In the last section, we explored the inner workings of wind turbines’ work to turn kinetic energy into electrical energy. One critical part we measure is how fast the blades turn, counting every complete spin as one revolution. This speed is recorded in RPMs, or ‘revolutions per minute.’

Revolutions Per Minute (RPM) is the number of turns an object spins around a single axis point in one minute. Propellers, Wheels, Gears, and even engines can all be measured in RPM. In our next activity, we’re going to calculate how many revolutions and how long it takes for our wind turbine to power a neighborhood or city.

Why are RPMs important?

The faster the turbine blades are moving, the more revolutions per minute the turbine will be able to complete. The higher the RPMs, the more power the turbine will be able to produce. As we’ve learned, turbines require wind in order to produce electricity, but the wind is not always consistent. Let’s take a look at one of the features on a wind turbine that helps adapt to changing wind speeds.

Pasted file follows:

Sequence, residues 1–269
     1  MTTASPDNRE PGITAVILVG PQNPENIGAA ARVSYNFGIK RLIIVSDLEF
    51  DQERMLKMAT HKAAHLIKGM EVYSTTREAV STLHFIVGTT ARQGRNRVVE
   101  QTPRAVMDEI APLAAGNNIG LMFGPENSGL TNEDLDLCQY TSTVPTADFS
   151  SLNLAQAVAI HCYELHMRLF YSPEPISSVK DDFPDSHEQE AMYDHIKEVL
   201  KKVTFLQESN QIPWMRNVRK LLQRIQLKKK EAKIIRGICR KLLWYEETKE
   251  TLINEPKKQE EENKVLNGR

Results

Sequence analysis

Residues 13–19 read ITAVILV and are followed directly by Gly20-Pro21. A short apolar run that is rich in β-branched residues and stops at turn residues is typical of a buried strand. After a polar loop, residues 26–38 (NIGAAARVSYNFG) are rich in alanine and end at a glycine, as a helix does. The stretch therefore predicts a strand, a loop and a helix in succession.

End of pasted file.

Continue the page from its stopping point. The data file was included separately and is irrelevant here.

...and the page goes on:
Let’s take a look at a Wind Turbine’s Pitch System. The Pitch System controls the turbine blades’ angles to optimize wind capture and regulate RPMs. If the blades angle too much, they could spin too fast; or even too little. In strong winds, the system pivots the blades sideways in a ‘feathering’ motion, reducing spin and preventing damage by keeping RPMs at a safe speed.